Contractors building homes in Rapid City, S.D., could soon be required to test soil conditions at building sites after homeowners complained of severe damage caused by expansive soils.
The Rapid City Council is considering the proposed change to the city’s residential building code, which would require a home be designed to withstand destructive soil movement if testing finds conditions are poor, the Rapid City Journal reported. Homebuilders and their chosen soils specialist would largely be left to do the testing and determine foundation requirements.
“As far as city staff is concerned, we are comfortable with this kind of a come-to-the-middle ordinance proposal. It’s better than nothing,” said city building official Brad Solon. “This would clear it up for everybody. It would protect consumers for sure. Actually, it’s going to protect the contractors, too. We’re aware of a number of contractors that are being sued right now.”
Clay-rich soils are prevalent in Rapid City, especially on the city’s east side, and those soils shrink and expand during dry and wet spells, causing damage to foundations, said Jim Westerman of the Natural Resources Conservation Service, a branch of the U.S. Department of Agriculture.
When a home is improperly built atop expansive soils, it often results in heaved basement slabs, bowed walls and bulged floors. And the cost to fix those problems after the fact can be very expensive.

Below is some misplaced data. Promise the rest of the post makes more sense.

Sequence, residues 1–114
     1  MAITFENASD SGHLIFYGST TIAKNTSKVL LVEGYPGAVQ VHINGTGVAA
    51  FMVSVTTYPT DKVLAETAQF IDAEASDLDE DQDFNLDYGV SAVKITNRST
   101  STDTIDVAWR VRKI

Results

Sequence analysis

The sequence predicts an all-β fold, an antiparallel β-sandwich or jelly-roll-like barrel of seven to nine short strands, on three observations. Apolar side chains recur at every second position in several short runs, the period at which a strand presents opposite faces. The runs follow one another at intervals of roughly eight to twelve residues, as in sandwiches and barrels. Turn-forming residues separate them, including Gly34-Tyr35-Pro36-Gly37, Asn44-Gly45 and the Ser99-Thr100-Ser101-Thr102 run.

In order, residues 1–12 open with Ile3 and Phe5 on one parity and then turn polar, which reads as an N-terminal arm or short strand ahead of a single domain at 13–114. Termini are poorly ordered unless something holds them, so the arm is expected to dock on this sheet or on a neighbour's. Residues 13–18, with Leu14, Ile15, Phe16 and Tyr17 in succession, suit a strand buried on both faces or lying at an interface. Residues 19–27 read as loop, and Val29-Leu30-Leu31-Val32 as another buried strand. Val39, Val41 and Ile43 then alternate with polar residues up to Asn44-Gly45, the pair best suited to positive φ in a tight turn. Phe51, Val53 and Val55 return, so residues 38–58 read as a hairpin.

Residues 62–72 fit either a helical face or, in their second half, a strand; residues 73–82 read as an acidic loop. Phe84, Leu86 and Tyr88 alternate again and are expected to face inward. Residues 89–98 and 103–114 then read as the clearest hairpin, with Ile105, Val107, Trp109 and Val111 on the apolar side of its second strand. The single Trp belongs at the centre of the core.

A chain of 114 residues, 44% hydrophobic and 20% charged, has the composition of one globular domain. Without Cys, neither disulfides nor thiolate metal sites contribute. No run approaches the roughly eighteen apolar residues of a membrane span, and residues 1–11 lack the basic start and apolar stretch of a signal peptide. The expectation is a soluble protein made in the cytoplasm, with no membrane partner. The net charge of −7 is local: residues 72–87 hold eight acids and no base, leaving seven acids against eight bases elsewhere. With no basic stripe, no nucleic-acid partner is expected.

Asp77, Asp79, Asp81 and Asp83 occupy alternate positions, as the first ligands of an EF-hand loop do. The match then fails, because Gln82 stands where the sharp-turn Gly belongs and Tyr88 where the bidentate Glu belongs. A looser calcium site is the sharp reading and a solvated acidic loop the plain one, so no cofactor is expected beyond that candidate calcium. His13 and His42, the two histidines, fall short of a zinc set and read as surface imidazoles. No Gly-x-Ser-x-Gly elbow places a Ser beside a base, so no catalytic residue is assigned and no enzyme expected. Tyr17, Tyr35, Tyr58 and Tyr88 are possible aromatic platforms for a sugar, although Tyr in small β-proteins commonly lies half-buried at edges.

One homeowner, 64-year-old Joe Engelhardt, said he was told his $265,000 home had an estimated $100,000 in damage caused by expansive soils, just three years after it was finished.
“I’ve got 100,000 reasons why the American dream just screwed me,” Engelhardt said. “That was my nest egg. That was what I hoped to retire on, so it was gone.”
Engelhardt said he lost his home and is now stuck renting an apartment for the rest of his life.
“We gave it back to the mortgage company, and we walked away with nothing,” he said. “We didn’t have any savings outside of that house.”
To become law, the soils testing requirement will have to be approved twice each by the city’s Legal and Finance Committee and the Rapid City Council.
Was this article valuable?
Here are more articles you may enjoy.